The bottom line is that customers see the value of what's offered. Rather than go elsewhere for a similar product or service at a lower price, they'll stay loyal because of the "intangibles." Nothing costs you customers faster than a disconnect between the promises made in marketing and the reality of customer experience with your product or brand. So for long-term success, your company or product must live up to its marketing promise.

Contact marketing expert KIM T. GORDON, author of Bringing Home the Business, at www.smallbusiness now.com.

Courtesy http://findarticles.com

How To Drive Traffic With A Blog

Blogs are different than regular static sites. Although a blog is really just a fancy word for a content management system, therefore it is just a regular site with enhanced and easy editing, a blog has a sense of urgency and "newness." People read blogs because there is a general feeling that the information posted is more current compared to static sites.
This is true when the blogger is very regular with new material and gives people a reason to tune in frequently.
Promoting a blog, I have found, is far easier than promoting a regular website for many reasons.
Because you can create "news" on your blog at the drop of a hat, you can create buzz. Buzz is infectious, produces links from "buzzed" website owners looking to present their visitors with a buzz, and gets you attention that is harder to acquire for regular sites.
You can promote a blog through RSS and get subscribers who would rather use a "podcatcher" (a newer phrase that simply means they subscribe to your RSS feed rather than your email list with a tool like FireAnt http://fireant.com).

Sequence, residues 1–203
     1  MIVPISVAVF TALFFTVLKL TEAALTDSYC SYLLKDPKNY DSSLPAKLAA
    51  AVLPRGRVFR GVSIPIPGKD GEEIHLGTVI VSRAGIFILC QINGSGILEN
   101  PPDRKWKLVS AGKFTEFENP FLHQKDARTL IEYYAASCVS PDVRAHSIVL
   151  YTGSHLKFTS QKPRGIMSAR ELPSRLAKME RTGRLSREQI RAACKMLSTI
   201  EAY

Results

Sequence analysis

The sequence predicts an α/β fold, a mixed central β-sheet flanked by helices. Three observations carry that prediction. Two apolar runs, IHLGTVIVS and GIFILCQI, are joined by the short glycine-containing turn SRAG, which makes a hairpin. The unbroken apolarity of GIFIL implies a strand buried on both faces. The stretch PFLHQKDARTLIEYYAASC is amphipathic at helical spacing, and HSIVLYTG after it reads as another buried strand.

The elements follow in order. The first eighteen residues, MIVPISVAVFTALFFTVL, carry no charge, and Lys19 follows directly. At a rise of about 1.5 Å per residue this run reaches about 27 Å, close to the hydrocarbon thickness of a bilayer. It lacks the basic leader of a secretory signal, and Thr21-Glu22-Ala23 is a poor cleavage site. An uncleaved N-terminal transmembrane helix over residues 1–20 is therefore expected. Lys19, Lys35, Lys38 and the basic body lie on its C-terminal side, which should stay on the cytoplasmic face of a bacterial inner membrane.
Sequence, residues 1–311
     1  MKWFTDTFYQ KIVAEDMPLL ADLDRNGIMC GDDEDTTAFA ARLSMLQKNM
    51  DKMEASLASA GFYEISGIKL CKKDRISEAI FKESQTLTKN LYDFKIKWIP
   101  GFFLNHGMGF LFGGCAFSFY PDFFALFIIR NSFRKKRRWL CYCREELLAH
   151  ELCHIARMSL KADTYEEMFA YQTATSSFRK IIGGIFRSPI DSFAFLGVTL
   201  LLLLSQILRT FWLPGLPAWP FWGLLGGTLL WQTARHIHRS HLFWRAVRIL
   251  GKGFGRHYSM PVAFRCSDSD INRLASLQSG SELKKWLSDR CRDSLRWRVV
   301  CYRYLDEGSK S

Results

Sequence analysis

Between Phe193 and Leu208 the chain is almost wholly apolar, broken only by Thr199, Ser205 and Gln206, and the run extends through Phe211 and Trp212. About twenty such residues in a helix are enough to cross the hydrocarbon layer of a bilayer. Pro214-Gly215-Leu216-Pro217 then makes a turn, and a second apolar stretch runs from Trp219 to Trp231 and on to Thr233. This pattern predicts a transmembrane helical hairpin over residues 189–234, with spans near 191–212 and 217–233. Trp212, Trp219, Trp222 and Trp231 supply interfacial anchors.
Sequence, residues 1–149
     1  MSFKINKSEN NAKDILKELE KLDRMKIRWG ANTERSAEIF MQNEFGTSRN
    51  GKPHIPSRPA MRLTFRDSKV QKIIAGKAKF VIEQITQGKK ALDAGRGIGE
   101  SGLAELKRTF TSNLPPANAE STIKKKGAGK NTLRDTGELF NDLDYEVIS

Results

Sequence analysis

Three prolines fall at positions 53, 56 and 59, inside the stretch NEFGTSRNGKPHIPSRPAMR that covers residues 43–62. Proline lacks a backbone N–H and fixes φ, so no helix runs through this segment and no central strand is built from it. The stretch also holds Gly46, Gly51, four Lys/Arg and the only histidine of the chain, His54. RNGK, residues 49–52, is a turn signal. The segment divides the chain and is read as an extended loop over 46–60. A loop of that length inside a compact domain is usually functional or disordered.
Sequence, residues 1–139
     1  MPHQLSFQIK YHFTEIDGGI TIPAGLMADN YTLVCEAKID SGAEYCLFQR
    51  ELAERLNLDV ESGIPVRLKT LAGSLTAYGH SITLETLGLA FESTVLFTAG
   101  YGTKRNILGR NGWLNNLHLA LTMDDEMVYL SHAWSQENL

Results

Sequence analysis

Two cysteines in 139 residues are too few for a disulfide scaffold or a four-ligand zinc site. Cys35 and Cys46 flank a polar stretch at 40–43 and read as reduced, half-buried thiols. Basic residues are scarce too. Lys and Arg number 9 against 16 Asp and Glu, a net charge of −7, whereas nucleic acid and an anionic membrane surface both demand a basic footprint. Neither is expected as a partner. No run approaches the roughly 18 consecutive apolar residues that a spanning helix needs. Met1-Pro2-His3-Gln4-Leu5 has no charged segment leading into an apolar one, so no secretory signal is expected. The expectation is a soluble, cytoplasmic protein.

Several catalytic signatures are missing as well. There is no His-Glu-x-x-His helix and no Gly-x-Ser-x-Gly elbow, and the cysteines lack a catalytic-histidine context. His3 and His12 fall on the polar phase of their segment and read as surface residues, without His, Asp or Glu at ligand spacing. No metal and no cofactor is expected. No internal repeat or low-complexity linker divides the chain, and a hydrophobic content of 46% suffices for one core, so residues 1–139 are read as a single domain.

People like being anonymous in this over-emailed world of ours. Getting subscribers to a blog via your RSS feed means you are offering a way for the justifiably paranoid to access your material without committing their personal information in the exchange.
So you have another way to promote here as well. Rather than sending people to your opt-in page only, you can grab RSS subscribers on every page of your blog, no matter which page they come through.
Now you can trade links, or trackbacks, with other bloggers in your niche which is a much more highly respected and valuable form of reciprocal linking that Google actually loves.
Having a blog means you can "podcast." Podcasting is making audio and video files available in your posts that can be picked up in your RSS feed by people using places like iTunes.com to find multi-media content. This is a MASSIVE new open market of people really getting into iPods, especially the new video iPods, and seeing what their new gadgets can really do. By creating an informative how-to video and podcasting it from your blog, you can get listed in iTunes and other podcast directories that are practically empty on many niche topics right now!
These are things you can do with a blog that you cannot do very easily or at all with a static site.
Don't forget that there are other directories only bloggers can promote in. Directories like Syndic8.com and Daypop.org are only open to bloggers with RSS feeds. While everyone else is working down in the trenches on their one-dimensional static html site, bloggers can enjoy promoting their sites in far less competitive areas with extreme amounts of traffic flowing through them.
In short, a good blog with the right plug-ins will give you marketing power I wish I had when I was starting out. My blog would be 7 years old this year and would have an archive section a mile long with content syndicated all over the web established over those 7 years! This time next year you are definitely going to wish you had started your blog today! Especially when you consider the vast potential of audio and video podcasting and syndicating your content easily through your feed to places that only accept bloggers. Static sites need not apply!
Written by Jack Humphrey